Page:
DETROIT — The ice seemed tilted toward the Michigan net from the beginning.
Instead of being a closely-contested match between No. 6 Michigan and No. 7 Colorado College at the Great Lakes Invitational, the Tigers pounced on a depleted Michigan team, beating the Wolverines 6-1 at Joe Louis Arena.
Michigan was without three of its top defensemen, with Jack Johnson and Mark Mitera both playing for the U.S. at the World Junior Championship and David Rohlfs suspended for fighting in Michigan’s last game against Nebraska-Omaha. Colorado College did not send any players to the WJC.
“(Missing players like defenseman) Jack Johnson and their freshman (forward Andrew Cogliano) on the Canadian team is a big factor,” Colorado College coach Scott Owens said. “There’s no doubt about it. But that’s their issue. Sometimes in games like this, other guys give you great efforts and pull it together.”
Colorado College took full advantage of the situation, with senior Joey Crabb leading the effort with two goals and an assist, and the Tigers’ special teams scoring five of six goals — three on the power play and two shorthanded tallies.
“Special teams were a big factor in the game,” Michigan coach Red Berenson said. “They had the momentum from the start of the game, and we couldn’t turn it around.”
The Tigers started peppering Wolverine netminder Billy Sauer early, putting 18 shots on net in the first. Michigan finally cracked late in the period on the power play. Michigan’s Chris Fragner smashed Jesse Stokke into the boards, earning a checking-from-behind major penalty. Colorado College capitalized on the five-minute advantage when Jimmy Kilpatrick’s point shot deflected up along a Michigan defender’s stick and sailed high past goaltender Billy Sauer.
Crabb scored twice in under three minutes to give Colorado College a commanding three-goal lead early in the second. With the Tigers shorthanded, Crabb jumped on defenseman Adam Dunlap in front of the Wolverine net and forced a turnover, and then lifted a shot over Sauer.
“We hoped to get on them, forecheck, work their defense, and tire them out,” Crabb said. “When we did get the opportunity to capitalize on them, we did.”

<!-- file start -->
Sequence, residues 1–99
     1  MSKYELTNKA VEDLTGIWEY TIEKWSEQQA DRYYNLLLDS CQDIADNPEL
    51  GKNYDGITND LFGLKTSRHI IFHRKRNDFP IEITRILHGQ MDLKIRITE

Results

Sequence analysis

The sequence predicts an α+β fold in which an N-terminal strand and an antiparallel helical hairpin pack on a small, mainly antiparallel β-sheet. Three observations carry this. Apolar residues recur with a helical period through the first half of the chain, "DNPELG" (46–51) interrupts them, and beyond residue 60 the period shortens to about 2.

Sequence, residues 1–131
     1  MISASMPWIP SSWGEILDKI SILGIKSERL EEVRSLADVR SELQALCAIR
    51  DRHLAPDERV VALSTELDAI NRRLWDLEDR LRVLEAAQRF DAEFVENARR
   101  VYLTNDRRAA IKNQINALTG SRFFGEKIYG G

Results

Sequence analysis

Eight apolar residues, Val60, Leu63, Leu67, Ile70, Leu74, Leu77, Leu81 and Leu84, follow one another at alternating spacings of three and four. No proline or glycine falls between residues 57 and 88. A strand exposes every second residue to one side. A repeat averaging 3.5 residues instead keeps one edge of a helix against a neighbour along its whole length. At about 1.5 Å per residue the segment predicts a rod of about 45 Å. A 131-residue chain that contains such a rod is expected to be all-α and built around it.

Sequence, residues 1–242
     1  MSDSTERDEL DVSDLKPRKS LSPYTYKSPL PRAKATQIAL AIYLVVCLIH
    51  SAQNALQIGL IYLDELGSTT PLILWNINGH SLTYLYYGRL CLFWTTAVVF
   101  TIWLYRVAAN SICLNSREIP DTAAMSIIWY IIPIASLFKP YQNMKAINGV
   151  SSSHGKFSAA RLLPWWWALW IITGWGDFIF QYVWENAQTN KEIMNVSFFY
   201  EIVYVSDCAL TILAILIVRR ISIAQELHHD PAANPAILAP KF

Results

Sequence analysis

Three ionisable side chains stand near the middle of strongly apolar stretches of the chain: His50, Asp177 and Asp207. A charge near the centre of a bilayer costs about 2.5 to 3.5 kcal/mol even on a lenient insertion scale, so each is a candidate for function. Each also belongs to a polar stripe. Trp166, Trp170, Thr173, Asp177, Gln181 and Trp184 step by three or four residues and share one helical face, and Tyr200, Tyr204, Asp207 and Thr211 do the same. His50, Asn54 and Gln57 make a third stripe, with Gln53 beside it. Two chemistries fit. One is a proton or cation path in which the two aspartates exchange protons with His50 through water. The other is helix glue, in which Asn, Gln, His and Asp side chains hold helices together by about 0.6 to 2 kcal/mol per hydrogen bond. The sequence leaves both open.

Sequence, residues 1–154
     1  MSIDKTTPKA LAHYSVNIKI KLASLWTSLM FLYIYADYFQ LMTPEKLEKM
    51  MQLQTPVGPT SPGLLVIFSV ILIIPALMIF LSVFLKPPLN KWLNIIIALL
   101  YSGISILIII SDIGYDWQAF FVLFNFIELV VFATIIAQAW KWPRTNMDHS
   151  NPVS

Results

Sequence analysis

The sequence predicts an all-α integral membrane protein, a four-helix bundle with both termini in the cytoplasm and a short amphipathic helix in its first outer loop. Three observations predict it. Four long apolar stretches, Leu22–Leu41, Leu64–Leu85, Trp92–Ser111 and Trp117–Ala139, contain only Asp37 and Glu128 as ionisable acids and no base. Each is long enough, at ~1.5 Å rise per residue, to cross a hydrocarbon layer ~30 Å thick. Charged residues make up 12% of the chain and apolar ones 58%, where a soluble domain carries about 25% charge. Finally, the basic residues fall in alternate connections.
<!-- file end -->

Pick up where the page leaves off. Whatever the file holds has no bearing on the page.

Crabb notched his second on the power play, sneaking behind the Michigan defense and beating Sauer glove-side. Brian Salcido one-timed a rocket from the point that clipped inside the left post for the Tigers’ third power-play goal with four minutes left in the period.
Andrew Ebbett had a glimmer of hope for Michigan late in the second, racing down the ice on a breakaway. Ebbett tried to go five-hole, but goaltender Matt Zaba stoned the Michigan captain. It was one of the few good offensive chances the Wolverines had all night, before Brandon Naurato broke Zaba’s shutout bid early in the third. Zaba stopped 29 of 30 shots.
“When we did get it in their zone they made a quick play and it was out,” Michigan forward Brandon Kaleniecki. “We didn’t have a sustained forecheck at all. There were a couple shifts when we were able to put a little bit of that together, but for the most part they just out-muscled us and got the puck out. We didn’t do that.”
Noah Ruden replaced Sauer for the third period, but the damage had already been done to the Wolverines. Sauer allowed four goals on 32 shots, and Ruden allowed two goals on 12 shots.
Brett Sterling added another Tiger goal on an individual effort, deking Ruden and slipping the puck five-hole. Trevor Frischmon tallied the sixth Tiger goal.
The meeting between Colorado College and Michigan was a rematch of last year’s NCAA quarterfinal, when the Tigers came from behind in the third period to defeat the Wolverines 4-3. With the win, Colorado College advances to the finals to meet Michigan State Friday night.
It was the Tigers first-ever win in the tournament, after previously losing to the University of Toronto and Boston University in the inaugural GLI in 1965. It was Michigan’s worst goal-differential loss in the GLI since 1987, when Wisconsin beat Michigan 6-0.